When shareholders don’t share

Alex and Justin are equal shareholders of a food packaging company. The two of them met over 12 years ago when they were both working as salespeople for a beverage company. They became good friends and with their shared desire to become entrepreneurs, they decided to start their business together.
Justin has always been more mechanically inclined while Alex has always been a people person. As a result, it did not take long for Justin to assume the role of plant manager while Alex took care of sales and the financial side of operating the business.
By Sahar Cadili
Sahar Cadili

Justin spent his days inside the plant while Alex worked in the office. Justin always had access to the corporation’s online banking and could freely go into Alex’s office to look at bank statements as well as invoices and copies of cancelled cheques.

After landing a large contract with one of the country’s leading frozen food producers, Justin became swamped with work inside the plant. Having known Alex for over a decade, he trusted him completely.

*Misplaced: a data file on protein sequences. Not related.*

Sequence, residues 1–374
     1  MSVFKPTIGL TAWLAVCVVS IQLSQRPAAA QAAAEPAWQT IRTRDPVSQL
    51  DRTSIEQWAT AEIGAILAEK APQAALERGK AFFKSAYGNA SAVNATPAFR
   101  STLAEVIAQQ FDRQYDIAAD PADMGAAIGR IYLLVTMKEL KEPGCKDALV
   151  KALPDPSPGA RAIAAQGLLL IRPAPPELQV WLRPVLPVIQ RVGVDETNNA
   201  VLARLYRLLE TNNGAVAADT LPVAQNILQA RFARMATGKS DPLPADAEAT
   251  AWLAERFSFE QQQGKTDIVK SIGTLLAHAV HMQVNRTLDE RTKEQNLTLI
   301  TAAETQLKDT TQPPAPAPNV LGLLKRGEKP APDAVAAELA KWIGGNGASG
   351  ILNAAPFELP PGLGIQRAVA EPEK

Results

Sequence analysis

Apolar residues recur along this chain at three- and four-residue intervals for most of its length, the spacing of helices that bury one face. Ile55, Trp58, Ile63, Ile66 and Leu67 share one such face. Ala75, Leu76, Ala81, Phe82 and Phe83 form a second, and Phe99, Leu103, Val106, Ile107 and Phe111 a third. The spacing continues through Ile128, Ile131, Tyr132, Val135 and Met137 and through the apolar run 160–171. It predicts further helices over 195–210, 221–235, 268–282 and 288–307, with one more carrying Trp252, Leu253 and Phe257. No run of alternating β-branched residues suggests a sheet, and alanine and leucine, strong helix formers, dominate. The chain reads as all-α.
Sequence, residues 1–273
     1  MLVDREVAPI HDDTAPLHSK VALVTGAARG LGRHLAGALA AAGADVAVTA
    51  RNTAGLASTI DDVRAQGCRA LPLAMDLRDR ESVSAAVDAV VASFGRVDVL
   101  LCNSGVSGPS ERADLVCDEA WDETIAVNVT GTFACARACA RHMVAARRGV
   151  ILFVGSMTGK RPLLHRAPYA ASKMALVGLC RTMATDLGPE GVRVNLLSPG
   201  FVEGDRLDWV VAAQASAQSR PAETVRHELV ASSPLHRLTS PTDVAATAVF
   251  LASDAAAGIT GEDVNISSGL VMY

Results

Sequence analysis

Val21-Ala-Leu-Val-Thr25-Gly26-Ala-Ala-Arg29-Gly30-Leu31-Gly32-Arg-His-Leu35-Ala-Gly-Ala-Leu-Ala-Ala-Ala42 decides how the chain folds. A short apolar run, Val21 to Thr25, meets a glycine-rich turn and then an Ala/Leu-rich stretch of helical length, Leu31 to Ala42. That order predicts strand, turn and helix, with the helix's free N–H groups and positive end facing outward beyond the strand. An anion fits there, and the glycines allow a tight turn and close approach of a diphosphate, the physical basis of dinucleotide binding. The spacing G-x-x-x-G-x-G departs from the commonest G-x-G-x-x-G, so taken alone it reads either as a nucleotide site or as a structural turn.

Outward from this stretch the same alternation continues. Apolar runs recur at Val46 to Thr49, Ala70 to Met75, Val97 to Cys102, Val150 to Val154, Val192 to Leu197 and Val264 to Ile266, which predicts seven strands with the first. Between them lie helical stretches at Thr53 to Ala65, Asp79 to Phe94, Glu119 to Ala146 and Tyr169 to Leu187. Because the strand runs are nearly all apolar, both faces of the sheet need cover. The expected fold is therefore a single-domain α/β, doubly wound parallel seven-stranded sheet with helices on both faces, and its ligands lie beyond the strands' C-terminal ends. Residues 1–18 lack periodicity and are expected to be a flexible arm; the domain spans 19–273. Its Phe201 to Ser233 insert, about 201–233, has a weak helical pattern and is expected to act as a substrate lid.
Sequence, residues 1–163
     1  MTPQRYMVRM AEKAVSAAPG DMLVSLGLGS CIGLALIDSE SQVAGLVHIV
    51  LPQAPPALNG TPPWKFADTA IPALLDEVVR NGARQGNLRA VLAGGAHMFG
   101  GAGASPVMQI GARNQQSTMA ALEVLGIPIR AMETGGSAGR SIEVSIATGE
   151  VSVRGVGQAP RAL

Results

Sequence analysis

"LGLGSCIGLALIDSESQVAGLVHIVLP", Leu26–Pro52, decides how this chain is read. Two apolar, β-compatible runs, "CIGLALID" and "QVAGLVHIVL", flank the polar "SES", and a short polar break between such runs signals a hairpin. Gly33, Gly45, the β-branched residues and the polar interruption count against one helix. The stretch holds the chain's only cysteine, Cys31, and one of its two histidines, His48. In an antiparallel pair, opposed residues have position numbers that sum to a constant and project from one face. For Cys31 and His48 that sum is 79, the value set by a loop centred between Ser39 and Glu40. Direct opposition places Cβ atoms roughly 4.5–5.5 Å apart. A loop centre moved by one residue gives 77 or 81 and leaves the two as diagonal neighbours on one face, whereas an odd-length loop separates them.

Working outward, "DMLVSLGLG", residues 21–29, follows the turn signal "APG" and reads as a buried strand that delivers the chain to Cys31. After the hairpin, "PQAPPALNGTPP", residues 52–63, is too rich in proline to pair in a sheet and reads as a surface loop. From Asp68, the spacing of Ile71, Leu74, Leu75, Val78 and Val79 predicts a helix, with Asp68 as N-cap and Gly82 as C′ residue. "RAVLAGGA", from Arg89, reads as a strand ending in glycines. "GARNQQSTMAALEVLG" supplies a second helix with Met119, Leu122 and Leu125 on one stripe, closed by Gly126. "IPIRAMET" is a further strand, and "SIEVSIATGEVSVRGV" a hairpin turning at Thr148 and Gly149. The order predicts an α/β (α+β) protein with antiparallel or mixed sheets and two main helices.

After all, their kids play hockey together and the families have summer barbecues and have even vacationed together in Florida. As the plant got swamped with orders, Justin was working 80 hour weeks. He stopped looking at the finances of the company and focused all of his energies on operations.

One day, Justin logged into the online banking and noticed a series of suspicious withdrawals and payments to unknown parties from the corporation’s bank account.He also was shocked to see that the corporation’s bank account had only $6,950 when the corporation consistently had over $100,000 in its bank account in the last few years.

Justin confronted Alex the next day and asked him about the withdrawals. Alex was evasive and when questioned further, he became aggressive and confrontational and the two of them almost got into a fight. That same night, Justin tried to log into the online banking again but the passwords had been changed.

The next morning, he tried to log into the computer accounting system but the username and password had been changed. He then went to Alex’s office to get hard copies of the bank statements but all of the cabinets had been locked. He then went to the bank and was told that only Alex is a signing officer of the corporation and therefore, the bank was not going to provide him with anything without Alex’s consent.